i'll be parting with my beloved manhattan apartment for the tempting
space and privacy of a jersey house
i understand that by closing before 12/1 i can amend my 08 for a fast
i imagine that by no longer being a resident of NYC i'll save a good
chunk of income tax
i'm moving only 20-something miles, so i don't believe i can get that
i'm clueless about commuting credits, except that there's a pre-tax
withdrawal allowed for certain expenses (trains, maybe parking?)
my direct question (not that i don't appreciate comments regarding the
above): is there a handy how-to guide for first-time home owners / ex-
NYC'ers / etc? i know i'm the 50,000,000th person to do this, but
trying to wade through lots of googled results hasn't gotten me the
'checklist' i was hoping for ..
all help appreciated,
That deduction is available only if you change physical locations of
employment. Doesn't sound like you are.
Employers can provide tax-free commuting assistance, but there's nothing you
can do on your own.
For tax information about owning a home, IRS Publication 530. For
information on the loan and closing process, HUD has lots of booklets
available, many of which are required to be given to you by the lender. I'd
also suggest you ask your real estate agent.
Phil Marti, VITA Volunteer
Will you still be working in NY? If so, you will still be subject to
NY state income tax on your wages, even if you earn some of your
salary by telecommuting from your NJ home. However, you will be able
to exclude from your NY income any part of your salary that is earned
by performing services outside NY (on business trips) that cannot, by
their nature, be performed at your NY office.
As a nonresident of NYC, you are correct that you will not be subject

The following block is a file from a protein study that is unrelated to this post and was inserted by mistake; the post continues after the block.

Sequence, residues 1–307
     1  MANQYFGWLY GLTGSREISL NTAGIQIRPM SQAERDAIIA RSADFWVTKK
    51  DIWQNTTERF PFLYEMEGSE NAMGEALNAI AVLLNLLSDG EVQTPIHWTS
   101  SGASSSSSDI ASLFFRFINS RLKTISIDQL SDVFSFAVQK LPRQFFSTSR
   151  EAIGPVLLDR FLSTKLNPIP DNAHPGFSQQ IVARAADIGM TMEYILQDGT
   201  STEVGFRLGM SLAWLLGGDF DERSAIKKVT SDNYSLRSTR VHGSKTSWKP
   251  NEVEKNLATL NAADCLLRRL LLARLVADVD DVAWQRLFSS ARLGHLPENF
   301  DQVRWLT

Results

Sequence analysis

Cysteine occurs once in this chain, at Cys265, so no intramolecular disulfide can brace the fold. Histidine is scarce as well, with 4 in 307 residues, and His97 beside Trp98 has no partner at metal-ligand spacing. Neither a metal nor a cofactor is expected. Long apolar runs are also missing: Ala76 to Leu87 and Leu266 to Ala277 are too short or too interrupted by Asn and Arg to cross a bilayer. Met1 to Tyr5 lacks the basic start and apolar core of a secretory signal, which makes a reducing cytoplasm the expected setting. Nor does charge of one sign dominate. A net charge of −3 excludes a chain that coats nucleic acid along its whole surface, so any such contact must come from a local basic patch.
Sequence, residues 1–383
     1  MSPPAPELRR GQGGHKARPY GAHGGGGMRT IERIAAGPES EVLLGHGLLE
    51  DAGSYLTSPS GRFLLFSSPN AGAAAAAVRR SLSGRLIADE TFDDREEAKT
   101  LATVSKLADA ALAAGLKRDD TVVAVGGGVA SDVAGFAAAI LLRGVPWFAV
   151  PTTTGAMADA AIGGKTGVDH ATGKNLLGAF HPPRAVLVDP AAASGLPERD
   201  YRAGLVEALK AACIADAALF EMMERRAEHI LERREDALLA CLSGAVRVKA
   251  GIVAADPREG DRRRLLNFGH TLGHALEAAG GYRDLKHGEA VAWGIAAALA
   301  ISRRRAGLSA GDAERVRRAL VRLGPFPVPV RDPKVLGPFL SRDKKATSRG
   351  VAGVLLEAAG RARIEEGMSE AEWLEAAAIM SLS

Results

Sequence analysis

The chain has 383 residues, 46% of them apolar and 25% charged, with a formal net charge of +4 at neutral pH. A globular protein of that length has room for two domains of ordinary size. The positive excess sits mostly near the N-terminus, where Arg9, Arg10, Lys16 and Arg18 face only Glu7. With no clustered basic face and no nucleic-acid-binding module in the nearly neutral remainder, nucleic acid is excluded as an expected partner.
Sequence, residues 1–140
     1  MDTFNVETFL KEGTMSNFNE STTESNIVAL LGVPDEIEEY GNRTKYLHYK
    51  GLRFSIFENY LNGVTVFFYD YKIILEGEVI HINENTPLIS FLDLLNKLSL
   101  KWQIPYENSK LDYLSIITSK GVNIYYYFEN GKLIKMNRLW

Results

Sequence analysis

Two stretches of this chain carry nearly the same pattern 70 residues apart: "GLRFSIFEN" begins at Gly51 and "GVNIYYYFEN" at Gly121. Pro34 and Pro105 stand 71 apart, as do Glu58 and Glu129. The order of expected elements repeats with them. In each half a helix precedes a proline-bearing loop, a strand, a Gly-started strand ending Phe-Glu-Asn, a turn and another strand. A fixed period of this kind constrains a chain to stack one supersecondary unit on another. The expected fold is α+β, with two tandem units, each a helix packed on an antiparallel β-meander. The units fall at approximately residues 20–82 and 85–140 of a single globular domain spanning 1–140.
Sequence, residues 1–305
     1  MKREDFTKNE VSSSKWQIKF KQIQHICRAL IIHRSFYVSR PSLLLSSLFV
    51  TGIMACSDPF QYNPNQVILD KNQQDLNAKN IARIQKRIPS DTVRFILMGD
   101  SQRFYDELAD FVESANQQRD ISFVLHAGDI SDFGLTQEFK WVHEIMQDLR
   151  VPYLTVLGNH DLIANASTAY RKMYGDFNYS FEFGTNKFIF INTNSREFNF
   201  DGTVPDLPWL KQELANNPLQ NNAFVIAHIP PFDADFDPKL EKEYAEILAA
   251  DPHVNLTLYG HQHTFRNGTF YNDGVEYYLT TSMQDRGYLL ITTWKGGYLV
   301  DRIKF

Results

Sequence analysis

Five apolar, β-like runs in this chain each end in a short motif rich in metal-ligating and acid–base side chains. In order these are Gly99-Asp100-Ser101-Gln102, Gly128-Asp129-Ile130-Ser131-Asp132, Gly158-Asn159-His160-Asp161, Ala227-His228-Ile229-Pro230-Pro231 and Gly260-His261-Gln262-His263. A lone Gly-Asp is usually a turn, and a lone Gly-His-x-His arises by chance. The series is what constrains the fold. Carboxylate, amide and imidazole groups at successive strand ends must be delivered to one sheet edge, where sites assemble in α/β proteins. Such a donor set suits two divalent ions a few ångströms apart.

to the NYC individual income tax even if you work in the city.
Assuming you're moving mid-year, you'll file part-year resident
returns with both NJ and NY in the year of change. Your NJ income
will include all of your income earned after the change of residence.
Your NY income will include all of your income earned during the part
of the year when you were a resident, plus your NY source income
earned after you became a nonresident. NJ will give you credit for
the tax you pay to NY on your NY source income earned after you became
a NJ resident, limited to the NJ tax on that income.
In following years, when you are a full year resident of NJ, you will
file a resident return with NJ reporting all of your income from all
sources, and a nonresident return with NY reporting your NY earnings
plus any other NY source income. Again, NJ will give you credit for
the NY tax you pay on those earnings.
You should be aware that income from intangibles, such as interest and
dividend income, generally has its source at the residence of the
owner. Interest on a savings account or CD in a NY bank, for example,
is not NY source income after you become a nonresident.
You won't be eligible for a moving expense deduction because you are
not moving due to a job change, but for personal reasons.
Katie in San Diego